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Temporomandibular Joint Disorders


Temporomandibular Joint Disorders


What is the Temporomandibular Joint

The Temporomandibular Joint is a joint that connects your jaw to the temporal bones of your skull, which are in front of each ear. It allows you to move your jaw up and down and sideways so you can talk, chew and yawn.

What are Temporomandibular Joint Disorders

Temporomandibular Joint Disorders occur when something goes wrong with the jaw joints and the jaw muscles. Many times, this is due to a jaw injury, inflammation such as arthritis or excessive jaw use (chewing gum, tooth cracking, excessive yawning).

Causes for the Temporomandibular Joint Disorders

The exact cause of a person’s Temporomandibular Disorder is often difficult to determine. Your pain may be due to a combination of factors such as genetic heredity, arthritis or jaw injury. Some people with jaw pain also tend to clench or grind their teeth (Bruxism).

Symptoms and how they manifest in the Temporomandibular Joint

  • Pain or tightness in your face, joints, neck and shoulders and around the ear when you chew, talk or open your mouth wide.
  • Pain may occur locally or extend to the surrounding jaw muscles and surrounding area.
  • Problems when trying to open your mouth.
  • Jaws that “stick” or “lock” in the open or closed mouth position.
  • A click sounds as well as other abnormal jaw sounds when you open or close your mouth or chew. This may or may not be painful.
  • A feeling of tiredness on your face.
  • A problem with chewing or suddenly there is an uncomfortable bite – as the upper and lower teeth do not fit properly.
  • Swelling on one side of your face.

Diagnosis of Temporomandibular Joint Disorders

Your doctor or dentist will discuss your symptoms and examine your jaw:

  • The clinician will hear and feel your jaw when you open and close your mouth.
  • The clinician will observe the range of motion in your jaw.
  • The clinician will palpate the areas around your jaw to detect signs of pain or discomfort.
  • The clinician will observe the convergence between the teeth as well as the different jaw movements.
  • Some jaw radiographs may be requested.

The Treatment of Temporomandibular Disorders

The pain of the Temporomandibular Structure can also be treated with simple lifestyle changes. You may want to:

  • Eat a soft diet to allow the TMJ to relax
  • Avoid chewing gum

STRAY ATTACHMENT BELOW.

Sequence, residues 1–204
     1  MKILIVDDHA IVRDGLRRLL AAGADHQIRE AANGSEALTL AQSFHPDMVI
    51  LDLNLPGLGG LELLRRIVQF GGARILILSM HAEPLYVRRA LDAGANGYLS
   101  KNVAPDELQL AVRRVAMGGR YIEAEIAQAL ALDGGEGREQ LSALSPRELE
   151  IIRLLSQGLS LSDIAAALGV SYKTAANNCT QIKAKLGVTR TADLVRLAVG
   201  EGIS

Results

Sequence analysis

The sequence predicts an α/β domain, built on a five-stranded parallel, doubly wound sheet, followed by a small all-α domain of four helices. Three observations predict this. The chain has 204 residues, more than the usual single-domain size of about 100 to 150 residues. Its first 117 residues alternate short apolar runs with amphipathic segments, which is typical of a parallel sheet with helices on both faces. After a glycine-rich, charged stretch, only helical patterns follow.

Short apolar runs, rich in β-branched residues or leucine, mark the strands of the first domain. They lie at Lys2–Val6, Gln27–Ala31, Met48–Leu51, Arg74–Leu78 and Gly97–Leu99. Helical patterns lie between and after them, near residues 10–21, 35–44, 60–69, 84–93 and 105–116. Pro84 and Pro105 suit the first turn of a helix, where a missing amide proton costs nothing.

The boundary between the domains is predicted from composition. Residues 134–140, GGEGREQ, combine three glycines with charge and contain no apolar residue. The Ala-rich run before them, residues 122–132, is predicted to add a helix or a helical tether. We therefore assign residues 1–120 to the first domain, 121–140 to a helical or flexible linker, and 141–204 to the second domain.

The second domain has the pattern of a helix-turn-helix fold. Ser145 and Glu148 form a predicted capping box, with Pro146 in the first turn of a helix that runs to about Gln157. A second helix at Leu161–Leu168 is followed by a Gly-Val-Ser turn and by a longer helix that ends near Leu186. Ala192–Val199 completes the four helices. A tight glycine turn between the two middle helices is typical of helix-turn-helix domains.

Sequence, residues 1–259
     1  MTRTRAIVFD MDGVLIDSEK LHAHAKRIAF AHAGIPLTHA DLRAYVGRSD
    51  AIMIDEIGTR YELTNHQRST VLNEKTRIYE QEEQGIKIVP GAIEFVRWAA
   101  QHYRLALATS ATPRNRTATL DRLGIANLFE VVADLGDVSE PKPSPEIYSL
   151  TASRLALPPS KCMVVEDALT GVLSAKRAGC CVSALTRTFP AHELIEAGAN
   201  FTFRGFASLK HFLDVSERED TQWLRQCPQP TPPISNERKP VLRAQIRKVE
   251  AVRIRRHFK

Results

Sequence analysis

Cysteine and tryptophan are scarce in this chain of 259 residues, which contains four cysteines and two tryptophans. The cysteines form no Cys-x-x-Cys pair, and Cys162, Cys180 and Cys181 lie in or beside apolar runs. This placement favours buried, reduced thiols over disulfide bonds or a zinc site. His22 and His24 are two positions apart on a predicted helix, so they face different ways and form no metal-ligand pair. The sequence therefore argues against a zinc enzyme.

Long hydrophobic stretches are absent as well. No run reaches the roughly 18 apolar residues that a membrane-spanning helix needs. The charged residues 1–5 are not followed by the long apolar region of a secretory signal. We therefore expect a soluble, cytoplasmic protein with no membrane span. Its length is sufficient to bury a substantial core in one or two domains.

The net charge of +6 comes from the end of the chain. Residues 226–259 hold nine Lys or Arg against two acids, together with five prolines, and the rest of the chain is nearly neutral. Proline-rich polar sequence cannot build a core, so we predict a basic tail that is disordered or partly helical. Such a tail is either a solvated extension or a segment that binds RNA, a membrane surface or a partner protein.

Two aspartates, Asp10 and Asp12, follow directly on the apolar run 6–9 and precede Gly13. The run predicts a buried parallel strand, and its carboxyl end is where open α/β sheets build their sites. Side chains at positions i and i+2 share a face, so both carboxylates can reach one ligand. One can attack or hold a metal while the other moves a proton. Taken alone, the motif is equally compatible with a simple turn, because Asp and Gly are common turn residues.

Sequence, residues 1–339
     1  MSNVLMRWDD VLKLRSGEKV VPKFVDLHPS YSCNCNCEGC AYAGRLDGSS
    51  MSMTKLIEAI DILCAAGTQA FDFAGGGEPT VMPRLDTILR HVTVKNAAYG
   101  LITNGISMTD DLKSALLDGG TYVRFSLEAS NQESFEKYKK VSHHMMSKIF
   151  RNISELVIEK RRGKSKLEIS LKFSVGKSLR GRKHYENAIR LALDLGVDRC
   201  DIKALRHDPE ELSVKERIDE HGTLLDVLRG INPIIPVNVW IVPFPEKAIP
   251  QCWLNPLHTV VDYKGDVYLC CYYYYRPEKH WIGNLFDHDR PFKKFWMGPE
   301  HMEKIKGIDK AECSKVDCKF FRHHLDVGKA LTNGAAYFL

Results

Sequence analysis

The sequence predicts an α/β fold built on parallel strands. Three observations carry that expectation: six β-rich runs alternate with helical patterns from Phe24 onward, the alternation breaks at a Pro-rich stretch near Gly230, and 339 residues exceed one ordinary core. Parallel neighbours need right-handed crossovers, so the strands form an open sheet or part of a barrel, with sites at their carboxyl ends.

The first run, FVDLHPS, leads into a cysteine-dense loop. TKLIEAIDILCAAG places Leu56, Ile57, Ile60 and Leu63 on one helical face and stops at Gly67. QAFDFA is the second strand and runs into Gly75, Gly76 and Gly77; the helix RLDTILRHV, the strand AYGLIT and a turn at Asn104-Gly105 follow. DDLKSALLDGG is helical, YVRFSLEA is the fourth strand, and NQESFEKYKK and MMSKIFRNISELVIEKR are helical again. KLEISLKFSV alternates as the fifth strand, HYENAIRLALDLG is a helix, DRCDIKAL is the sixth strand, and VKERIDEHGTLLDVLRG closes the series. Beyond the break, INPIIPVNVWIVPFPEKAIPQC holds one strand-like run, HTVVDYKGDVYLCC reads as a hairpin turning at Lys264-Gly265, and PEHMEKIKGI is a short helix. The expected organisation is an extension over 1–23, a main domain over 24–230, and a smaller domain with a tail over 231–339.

• Avoid biting your nails
  • Avoid biting your lower lip
  • Have a good mouth posture
  • Limit large jaw movements, such as yawning and singing

Many times, however, simple changes do not have the desired results.

Depending on the problem, the dentist may suggest a specific treatment plan with a combination of therapeutic techniques.

  • Discussion. Education and counseling can help you understand the factors and behaviors that can aggravate your pain so you can avoid them. Examples include tightening or grinding your teeth when resting on your chin on your chin or biting your nails.
  • Physical therapy. Exercises to relax and strengthen the jaw muscles. And the patient can more easily open and close his mouth.
  • A special Occlusal Splint treatment plan that will reprogram your jaw muscles and help ensure proper Occlusion. This results in the proper movement of the joint and eliminates, if not completely, most of the pain, clinking and other symptoms.

If the patient does not want to have an Occlusal Splint throughout his or her life then it is possible to restore the Occlusion of the mouth with prosthetic restorations so that it articulates properly as with the Occlusal Splint and the Temporal Joint problem is treated through its teeth.

Here you can see more details about reprogramming of Occlusion.

Severe pain caused by damaged joints may require more invasive treatments, such as injections of corticosteroids into the Temporomandibular structure. Surgery can be considered as a last resort. There is no scientific evidence that surgery for Temporomandibular disorders is safe and effective.

When to see your Dentist

Get medical attention if you have persistent pain or tenderness in your jaw or if you cannot fully open or close your jaw. Your Clinician can discuss possible causes and treatments for your problem.

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